Psalm 137 is among the saddest and most difficult of Psalms. It is written around 580 BC; Jerusalem has been sacked by the Babylonians; the Hebrew people have been deported from their land, and are enslaved in Babylon. This Psalm captures both the heartbreak of captivity and loss, and the hope that the Babylonians will experience the same suffering they have inflicted upon others – a hope expressed in the most chilling of images.
God, in the words and deeds of Jesus, reminds us that there is a light of hope in our deepest darkness, and that true freedom comes not with revenge, but with forgiveness.
By the rivers of Babylon we sat and wept when we remembered Zion.
There on the poplars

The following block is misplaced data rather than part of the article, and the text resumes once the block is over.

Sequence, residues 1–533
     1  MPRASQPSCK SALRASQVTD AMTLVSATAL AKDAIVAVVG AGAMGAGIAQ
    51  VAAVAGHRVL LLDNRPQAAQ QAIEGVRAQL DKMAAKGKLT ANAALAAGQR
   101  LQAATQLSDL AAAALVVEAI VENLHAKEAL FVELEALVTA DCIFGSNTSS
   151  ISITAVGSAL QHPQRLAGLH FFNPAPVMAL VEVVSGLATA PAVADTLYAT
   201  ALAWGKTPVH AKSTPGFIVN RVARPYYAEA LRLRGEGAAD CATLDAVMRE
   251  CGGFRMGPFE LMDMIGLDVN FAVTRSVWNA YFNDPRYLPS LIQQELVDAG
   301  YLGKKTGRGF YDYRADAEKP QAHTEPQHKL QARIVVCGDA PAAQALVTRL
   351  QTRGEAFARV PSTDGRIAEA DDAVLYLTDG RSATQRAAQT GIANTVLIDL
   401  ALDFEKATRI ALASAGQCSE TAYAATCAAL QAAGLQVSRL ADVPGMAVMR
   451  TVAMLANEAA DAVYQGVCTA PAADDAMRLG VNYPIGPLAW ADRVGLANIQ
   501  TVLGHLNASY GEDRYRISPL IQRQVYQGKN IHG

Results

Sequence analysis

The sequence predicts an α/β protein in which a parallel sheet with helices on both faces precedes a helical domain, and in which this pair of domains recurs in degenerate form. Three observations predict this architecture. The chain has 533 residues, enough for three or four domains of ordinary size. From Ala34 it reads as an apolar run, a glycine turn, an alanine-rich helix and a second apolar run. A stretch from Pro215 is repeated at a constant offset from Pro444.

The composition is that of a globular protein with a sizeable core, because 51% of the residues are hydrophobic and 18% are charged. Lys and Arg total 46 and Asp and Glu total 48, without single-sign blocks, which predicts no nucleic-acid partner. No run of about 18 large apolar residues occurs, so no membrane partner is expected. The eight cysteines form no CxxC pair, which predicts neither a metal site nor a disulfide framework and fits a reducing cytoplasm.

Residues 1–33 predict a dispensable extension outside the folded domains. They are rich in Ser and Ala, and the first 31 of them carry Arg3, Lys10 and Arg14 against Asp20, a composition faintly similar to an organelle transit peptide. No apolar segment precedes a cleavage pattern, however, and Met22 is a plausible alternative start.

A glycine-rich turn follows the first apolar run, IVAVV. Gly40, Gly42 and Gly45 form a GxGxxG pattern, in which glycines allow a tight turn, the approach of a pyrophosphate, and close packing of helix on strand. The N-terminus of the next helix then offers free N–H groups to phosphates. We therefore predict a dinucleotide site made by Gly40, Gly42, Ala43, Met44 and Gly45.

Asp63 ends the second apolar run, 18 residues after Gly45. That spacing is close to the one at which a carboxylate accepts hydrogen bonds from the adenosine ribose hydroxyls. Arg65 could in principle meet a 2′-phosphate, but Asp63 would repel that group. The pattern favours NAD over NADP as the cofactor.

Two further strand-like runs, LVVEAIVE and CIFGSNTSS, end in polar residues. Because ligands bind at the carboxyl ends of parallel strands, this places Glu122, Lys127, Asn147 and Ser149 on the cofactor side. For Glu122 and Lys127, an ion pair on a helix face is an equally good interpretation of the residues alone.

we hung our harps,
for there our captors asked us for songs, our tormentors demanded songs of joy; they said, “Sing us one of the songs of Zion!”
How can we sing the songs of the Lord
while in a foreign land?
If I forget you, Jerusalem,
may my right hand forget its skill.
May my tongue cling to the roof of my mouth if I do not remember you, if I do not consider Jerusalem my highest joy.
Remember, Lord, what the Edomites did
on the day Jerusalem fell.
“Tear it down,” they cried,
“tear it down to its foundations!”
Daughter Babylon, doomed to destruction, happy is the one who repays you according to what you have done to us.
Happy is the one who seizes your infants and dashes them against the rocks.
There are times when our difficulties overwhelm us, When it seems as though there is only sadness and struggle ahead, when anger and resentment fill our hearts.
Remind us, Lord, that in you, our hope is never gone.
That your steadfast love endures forever.
That songs will again fill our hearts.
Fill us with the release of forgiveness, And draw us ever closer to you, we pray.